More broadly, “command and control” policies do not readily balance emissions reductions against the costs of achieving these reductions. Some reductions are easy to achieve, while others are difficult, so an ideal policy obtains the biggest reductions from sources that require the smallest costs. Complicated rules imposed by bureaucrats at multiple government agencies do not lend themselves to this balancing.
An alternative approach is to replace all these command‐and‐control policies with a revenue‐neutral carbon tax. That is, eliminate the entire command‐and‐control apparatus; increase or impose new taxes on fossil fuels; and lower other tax rates so as to leave tax revenue unchanged.
A carbon tax is far simpler to enforce than command‐and‐control policies. It is straightforward to compute the extra carbon cost generated by the tax, so this can be balanced against the estimated benefits of reduced carbon emissions. In addition, a carbon tax raises revenue, which means the U.S. could lower other tax rates while holding total revenue constant.
The economics of how best to address climate change is therefore clear. Why, then, has the U.S. not adopted this approach?
One possibility is that the scientific case for costly global warming is not compelling, but I’ll leave that aside for now. A second possibility is recognition that even ideal carbon taxation makes the U.S. a less competitive location for businesses, since it is impossible to force other countries to adopt similar carbon taxes (or even to reduce their existing carbon subsidies). If the U.S. goes it alone in reducing emissions, the net impact on global warming will be minor.
Moreover, political constraints make the ideal carbon tax virtually dead‐on‐arrival.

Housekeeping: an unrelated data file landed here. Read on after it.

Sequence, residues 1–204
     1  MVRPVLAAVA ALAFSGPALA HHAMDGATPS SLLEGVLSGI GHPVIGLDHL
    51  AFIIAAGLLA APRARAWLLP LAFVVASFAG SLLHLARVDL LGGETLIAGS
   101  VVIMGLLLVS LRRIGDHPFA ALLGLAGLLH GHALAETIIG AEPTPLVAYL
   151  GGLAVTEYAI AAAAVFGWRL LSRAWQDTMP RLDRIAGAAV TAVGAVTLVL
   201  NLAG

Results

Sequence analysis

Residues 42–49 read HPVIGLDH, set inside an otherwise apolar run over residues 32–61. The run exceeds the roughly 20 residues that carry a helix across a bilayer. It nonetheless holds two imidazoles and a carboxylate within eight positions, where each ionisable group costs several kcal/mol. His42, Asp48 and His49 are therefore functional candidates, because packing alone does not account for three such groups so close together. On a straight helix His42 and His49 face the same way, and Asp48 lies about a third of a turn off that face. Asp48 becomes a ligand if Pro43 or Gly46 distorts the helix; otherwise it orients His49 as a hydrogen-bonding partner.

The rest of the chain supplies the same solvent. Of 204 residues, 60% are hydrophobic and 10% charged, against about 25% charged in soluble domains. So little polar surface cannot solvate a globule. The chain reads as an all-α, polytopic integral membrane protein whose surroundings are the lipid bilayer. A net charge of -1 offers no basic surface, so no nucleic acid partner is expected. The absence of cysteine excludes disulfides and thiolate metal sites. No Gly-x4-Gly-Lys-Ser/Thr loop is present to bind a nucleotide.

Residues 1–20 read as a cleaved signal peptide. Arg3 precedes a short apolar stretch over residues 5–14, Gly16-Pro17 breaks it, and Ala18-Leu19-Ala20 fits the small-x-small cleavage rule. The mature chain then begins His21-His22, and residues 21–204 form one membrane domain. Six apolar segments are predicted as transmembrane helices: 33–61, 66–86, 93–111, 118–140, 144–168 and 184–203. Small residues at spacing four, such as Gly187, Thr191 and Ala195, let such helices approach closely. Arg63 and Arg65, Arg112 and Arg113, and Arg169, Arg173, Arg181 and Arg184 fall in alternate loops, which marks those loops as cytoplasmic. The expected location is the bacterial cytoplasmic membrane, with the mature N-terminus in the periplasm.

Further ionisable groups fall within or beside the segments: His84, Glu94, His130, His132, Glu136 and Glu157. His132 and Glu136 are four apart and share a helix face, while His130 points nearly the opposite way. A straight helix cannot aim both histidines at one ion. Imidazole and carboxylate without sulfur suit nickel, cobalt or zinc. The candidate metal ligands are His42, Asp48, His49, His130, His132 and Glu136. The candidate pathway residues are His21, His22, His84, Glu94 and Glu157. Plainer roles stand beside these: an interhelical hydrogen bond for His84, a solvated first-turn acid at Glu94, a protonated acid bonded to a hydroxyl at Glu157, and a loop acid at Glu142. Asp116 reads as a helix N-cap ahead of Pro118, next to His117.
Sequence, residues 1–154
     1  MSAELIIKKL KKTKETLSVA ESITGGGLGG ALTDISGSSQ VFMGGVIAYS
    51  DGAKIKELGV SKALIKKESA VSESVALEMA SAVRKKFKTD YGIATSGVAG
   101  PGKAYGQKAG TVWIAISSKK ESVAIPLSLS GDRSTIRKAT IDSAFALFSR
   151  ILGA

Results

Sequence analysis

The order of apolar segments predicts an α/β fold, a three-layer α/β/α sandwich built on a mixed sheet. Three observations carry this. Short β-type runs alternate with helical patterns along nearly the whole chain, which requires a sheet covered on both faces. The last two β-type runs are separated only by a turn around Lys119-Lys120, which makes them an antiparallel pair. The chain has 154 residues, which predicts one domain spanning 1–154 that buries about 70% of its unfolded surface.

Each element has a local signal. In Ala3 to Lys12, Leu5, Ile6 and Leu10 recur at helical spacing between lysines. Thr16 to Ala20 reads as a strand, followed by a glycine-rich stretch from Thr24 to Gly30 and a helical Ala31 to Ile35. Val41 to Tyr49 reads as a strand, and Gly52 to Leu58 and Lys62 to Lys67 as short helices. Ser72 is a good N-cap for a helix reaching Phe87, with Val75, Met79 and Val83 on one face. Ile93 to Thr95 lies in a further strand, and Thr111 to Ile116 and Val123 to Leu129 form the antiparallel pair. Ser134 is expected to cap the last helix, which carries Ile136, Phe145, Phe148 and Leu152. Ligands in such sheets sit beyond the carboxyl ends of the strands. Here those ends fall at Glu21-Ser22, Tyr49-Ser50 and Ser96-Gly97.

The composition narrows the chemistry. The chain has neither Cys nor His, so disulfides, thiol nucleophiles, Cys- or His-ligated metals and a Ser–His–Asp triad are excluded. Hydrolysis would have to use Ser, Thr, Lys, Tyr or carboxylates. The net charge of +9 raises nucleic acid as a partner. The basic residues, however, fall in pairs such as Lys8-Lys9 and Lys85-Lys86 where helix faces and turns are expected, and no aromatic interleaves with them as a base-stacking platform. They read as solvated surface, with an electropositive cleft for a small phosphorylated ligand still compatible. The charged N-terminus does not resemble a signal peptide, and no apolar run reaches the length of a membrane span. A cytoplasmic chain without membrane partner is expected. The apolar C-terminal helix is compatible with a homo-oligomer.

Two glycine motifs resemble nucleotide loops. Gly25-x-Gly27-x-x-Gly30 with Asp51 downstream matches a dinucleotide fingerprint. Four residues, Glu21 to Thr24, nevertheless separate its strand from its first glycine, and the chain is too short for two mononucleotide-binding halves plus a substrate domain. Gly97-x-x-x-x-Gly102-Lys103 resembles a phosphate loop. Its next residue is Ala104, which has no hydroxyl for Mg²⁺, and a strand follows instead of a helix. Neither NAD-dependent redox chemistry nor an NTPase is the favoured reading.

Conservatives are skeptical because they doubt Congress will adopt the ideal approach and instead just add a carbon tax on top of current command‐and‐control policies, while failing to lower other tax rates to achieve revenue‐neutrality.
Such a non‐ideal carbon tax would have several negatives. It would fail to eliminate the bureaucratic waste, rent‐seeking, inefficiencies and corruption that command‐and‐control policies generate. Plus, adding carbon taxes on top of these policies risks overkill in addressing climate change; the estimated risks, even if 100 percent accurate, suggest moderate increases in carbon prices, not unlimited attempts to punish carbon.
Failure to keep revenue neutral also foregoes a key benefit of the ideal carbon tax. And, extra revenue might generate additional expenditure, which some conservatives oppose on principle and others oppose unless they are confident it will be spent in their own districts.
Liberals, with some exceptions, oppose carbon taxation. They fear voters will not support climate policies whose costs are explicit; voters seem to prefer command‐and‐control policies that appear free or that claim to impose the costs only on businesses. And some liberals like the power they obtain from rewarding special interests or favored donors with loan guarantees, ethanol mandates and the like.
Independent of party affiliation, moreover, politicians from coal or oil‐producing states oppose carbon taxation because it will adversely impact their constituents.
The prospects for an ideal carbon tax are therefore remote, which leaves three choices: more command‐and‐control; a non‐ideal carbon tax; or just sticking with current policy, as imperfect as it is. The third alternative — do no (new) harm — is probably the best choice.